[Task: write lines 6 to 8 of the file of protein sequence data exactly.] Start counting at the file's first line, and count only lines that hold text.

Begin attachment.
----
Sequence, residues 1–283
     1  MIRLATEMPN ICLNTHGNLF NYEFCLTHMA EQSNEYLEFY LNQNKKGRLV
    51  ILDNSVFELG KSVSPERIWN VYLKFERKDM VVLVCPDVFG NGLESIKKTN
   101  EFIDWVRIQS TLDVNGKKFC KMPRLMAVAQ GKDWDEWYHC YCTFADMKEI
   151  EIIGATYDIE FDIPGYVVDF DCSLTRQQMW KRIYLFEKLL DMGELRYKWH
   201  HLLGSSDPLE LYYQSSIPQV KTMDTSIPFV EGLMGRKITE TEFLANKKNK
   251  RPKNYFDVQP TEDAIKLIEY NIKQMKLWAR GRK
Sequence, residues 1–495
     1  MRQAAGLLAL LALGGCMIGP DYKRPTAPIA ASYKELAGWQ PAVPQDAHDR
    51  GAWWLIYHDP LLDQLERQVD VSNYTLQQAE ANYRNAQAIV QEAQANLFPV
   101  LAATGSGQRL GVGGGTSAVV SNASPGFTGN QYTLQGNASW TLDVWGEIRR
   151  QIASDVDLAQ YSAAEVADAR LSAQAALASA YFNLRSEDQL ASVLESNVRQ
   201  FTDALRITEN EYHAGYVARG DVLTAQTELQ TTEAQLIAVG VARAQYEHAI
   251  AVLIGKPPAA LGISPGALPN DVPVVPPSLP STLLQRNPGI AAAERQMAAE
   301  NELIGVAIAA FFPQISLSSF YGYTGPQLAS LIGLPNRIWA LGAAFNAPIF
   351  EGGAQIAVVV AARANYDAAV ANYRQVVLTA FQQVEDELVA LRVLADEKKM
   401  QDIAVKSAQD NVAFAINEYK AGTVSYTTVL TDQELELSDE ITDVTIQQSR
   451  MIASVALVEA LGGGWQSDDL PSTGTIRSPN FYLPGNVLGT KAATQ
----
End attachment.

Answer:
   201  HLLGSSDPLE LYYQSSIPQV KTMDTSIPFV EGLMGRKITE TEFLANKKNK
   251  RPKNYFDVQP TEDAIKLIEY NIKQMKLWAR GRK
Sequence, residues 1–495